MY MONEY

Five energy-saving devices to save money on your next power bill

By

For the third of Australians still working from home and the more than one million unemployed, next quarter's electricity bill is set to be a shocker.

Nearly three-quarters of Australians say their electricity bill is among their top concerns this year and 49% worry they cannot afford to pay their household bills since the pandemic started.

An unexpectedly high power bill can break someone's household budget. Fortunately, smart technologies can help reduce your electricity usage without changing how you use energy around the home.

smart devices to cut your electricity usage

1. Indoor sensor nightlights

These nightlights automatically turn on at dusk, enabling parents to get up at night to tend to a baby, go to the bathroom or get a glass of water without having to switch on lights. From as little as $6 per light, these automatic nightlights plug into a power point and provide lighting for up to 100,000 hours.

Potential savings: Automatic nightlights cost less than 5 cents a month to power. Meanwhile, the running cost of LED lights in the average home is generally 5 cents per hour.

2. Smart thermostats

These devices connect to your heating and cooling systems, enabling you to adjust the temperature from a smartphone app. One example is the Nest Thermostat E, which automatically adjusts the temperature of your home based on your preferences.

Potential savings: The smart thermostat's energy-efficient features can save the average household nearly 12% on their electricity bill each year.

3. Smart power boards and plugs

These look like regular power boards and plugs but connect to your Wi-Fi, enabling you to control connected appliances from an app. For example, the Kogan Smart Power Board (around $50) lets you control individual sockets and set up schedules and timers.

Potential savings: Smart power boards and plugs allow you to monitor how much electricity a device is consuming, even on standby, helping you make changes to reduce your bill. By turning off devices such as TVs and game consoles, you could save more than $200 per year.

4. Solar-powered chargers

Harnessing the power of the sun, these chargers can power and recharge wireless devices such as phones, GPS devices and security cameras.

Potential savings: Solar-powered chargers require no electricity and can save you up to $25 a year if used for phones, iPads and laptops.

5. Smart glass and windows

Smart glass enables you to control the amount of sunlight entering a home through a switch that tints the glass. 'Low-e' glass is another option that gives you more control. Both help keep your home cool in summer and warm in winter with less household energy (electricity or gas) usage. However, smart glass is expensive - around $185 per square metre.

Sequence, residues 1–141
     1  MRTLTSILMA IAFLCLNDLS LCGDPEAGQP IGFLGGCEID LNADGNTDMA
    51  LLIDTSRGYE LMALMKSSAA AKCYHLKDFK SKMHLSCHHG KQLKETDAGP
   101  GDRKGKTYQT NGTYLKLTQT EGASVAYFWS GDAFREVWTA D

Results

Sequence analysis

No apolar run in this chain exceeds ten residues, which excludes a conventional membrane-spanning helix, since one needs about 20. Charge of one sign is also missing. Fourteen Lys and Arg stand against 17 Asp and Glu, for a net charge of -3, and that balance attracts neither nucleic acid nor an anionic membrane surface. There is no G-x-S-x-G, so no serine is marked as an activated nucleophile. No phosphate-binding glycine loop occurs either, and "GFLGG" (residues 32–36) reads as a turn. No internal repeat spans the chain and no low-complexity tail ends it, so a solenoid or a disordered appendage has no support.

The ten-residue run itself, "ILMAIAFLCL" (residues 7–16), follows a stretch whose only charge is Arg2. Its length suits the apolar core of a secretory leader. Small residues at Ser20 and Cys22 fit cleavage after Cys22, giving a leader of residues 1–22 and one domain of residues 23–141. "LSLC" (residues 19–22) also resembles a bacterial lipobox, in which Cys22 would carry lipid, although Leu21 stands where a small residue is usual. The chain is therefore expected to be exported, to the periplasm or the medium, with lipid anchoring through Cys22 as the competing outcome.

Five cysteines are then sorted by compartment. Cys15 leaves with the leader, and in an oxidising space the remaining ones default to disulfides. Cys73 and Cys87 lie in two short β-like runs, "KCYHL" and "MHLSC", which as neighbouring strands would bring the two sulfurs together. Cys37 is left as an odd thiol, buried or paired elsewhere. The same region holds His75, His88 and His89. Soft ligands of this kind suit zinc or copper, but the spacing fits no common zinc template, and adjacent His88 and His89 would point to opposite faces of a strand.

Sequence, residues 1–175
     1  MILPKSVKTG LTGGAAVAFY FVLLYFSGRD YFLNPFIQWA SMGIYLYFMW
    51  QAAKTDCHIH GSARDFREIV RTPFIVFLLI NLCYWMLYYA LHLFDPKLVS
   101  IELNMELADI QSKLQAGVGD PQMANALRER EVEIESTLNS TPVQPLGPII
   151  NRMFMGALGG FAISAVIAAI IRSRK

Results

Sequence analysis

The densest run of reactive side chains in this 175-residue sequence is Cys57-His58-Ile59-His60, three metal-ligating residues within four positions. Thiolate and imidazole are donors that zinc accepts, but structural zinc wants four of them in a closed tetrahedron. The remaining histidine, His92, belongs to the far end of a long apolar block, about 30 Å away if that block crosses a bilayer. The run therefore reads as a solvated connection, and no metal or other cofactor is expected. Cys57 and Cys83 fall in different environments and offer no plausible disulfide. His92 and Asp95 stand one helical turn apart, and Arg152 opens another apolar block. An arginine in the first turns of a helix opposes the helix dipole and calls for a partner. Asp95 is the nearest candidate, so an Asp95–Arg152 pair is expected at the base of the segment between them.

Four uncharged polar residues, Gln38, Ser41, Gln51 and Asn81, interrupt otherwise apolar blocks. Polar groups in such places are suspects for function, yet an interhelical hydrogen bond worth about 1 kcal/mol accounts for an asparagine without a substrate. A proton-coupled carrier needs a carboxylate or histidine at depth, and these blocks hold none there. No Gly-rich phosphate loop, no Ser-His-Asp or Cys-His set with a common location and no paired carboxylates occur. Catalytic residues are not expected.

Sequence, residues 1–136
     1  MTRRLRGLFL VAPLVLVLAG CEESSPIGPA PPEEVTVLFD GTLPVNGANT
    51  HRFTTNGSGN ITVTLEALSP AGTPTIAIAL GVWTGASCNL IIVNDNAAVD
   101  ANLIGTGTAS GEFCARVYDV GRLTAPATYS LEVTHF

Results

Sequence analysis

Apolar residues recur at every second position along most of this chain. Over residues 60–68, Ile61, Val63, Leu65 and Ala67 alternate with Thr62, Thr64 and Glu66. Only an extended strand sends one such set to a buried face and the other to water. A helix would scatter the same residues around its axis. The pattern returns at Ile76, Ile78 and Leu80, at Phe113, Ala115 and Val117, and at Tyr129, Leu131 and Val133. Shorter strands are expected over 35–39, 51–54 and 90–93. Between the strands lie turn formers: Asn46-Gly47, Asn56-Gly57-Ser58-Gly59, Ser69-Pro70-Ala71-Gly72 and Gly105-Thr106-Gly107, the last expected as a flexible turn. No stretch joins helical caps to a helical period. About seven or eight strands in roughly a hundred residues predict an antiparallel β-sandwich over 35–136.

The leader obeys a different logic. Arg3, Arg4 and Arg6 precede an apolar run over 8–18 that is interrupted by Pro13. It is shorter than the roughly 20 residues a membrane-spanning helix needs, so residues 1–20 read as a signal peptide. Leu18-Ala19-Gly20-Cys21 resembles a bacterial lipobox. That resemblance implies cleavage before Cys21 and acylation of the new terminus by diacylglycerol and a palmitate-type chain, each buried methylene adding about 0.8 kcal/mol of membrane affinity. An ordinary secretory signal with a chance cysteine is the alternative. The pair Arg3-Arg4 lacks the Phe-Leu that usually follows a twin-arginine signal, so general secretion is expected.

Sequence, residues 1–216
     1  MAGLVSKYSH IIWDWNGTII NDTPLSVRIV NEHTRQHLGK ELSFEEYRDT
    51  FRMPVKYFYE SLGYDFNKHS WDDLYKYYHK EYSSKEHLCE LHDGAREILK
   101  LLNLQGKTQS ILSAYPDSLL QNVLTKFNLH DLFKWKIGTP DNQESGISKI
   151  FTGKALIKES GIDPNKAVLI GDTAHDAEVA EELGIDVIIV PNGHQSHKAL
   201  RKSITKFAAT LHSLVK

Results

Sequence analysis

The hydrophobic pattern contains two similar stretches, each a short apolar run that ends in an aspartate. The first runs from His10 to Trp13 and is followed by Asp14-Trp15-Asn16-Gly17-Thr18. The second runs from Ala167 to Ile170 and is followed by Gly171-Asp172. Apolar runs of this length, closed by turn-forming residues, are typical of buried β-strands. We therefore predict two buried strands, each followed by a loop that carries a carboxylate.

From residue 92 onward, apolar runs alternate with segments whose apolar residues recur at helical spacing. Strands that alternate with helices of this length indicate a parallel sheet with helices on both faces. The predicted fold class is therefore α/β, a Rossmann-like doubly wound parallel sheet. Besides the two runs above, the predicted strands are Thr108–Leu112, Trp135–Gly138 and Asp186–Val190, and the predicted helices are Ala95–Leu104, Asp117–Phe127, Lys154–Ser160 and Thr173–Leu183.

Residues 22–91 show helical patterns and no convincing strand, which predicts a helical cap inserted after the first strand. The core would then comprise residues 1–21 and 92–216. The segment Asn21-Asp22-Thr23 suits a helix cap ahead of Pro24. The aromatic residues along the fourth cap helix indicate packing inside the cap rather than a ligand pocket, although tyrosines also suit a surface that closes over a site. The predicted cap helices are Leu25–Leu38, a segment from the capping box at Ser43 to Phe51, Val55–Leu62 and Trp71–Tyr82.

Potential savings: Nearly 40% of household energy usage comes from appliances that heat and cool. Installing low-e glass in a large home (240sqm) for example, can reduce your energy bill by more than $75 each year.

RELATED STORIES

Abigail Koch is spokesperson for comparethemarket.com.au.
Comments
Jason Birke
October 29, 2020 9.26am

Failed to mention solar panels and batteries??

Money team
October 29, 2020 9.49am

Hi Jason,

Thanks for your comment.

We've written extensively about solar panels and battery tech in the past.

With the exception of smart windows, the above devices are more accessible and affordable for most Australians. They can be installed quickly and easily, without major changes to a property, meaning they can be utilised by renters.

- Money team

Mark Whitton
October 30, 2020 11.47am

Nest thermostas don't work in Australia.

Money team
October 30, 2020 2.59pm

Hi Mark,

While Nest thermostats aren't as simple to use in Australia as they are in the US, we've been advised they are compatible with most local AC systems. You may need to hire an electrician to connect it in your home. Of course, this would need to be counted in your budgeting.

- Money team

Mark Ting
November 1, 2020 9.36pm

Hi, I recommend googling "Solar Divert Controller "

Save loads in my electric bill heating up 400l hot water tank, didn't have gas option at that time. I Divert excess solar energy to the hot water tank , and keep it hot up to 60c or more if you adjust. And keep it min 40c if ain't sunny. Pretty cool technology. Deal with a guy name mark from qld. Something money magazine might want to research more

Btw very good article

https://youtu.be/EVBIDG_Nzco

Post a comment
Link to something 3W1jp8nz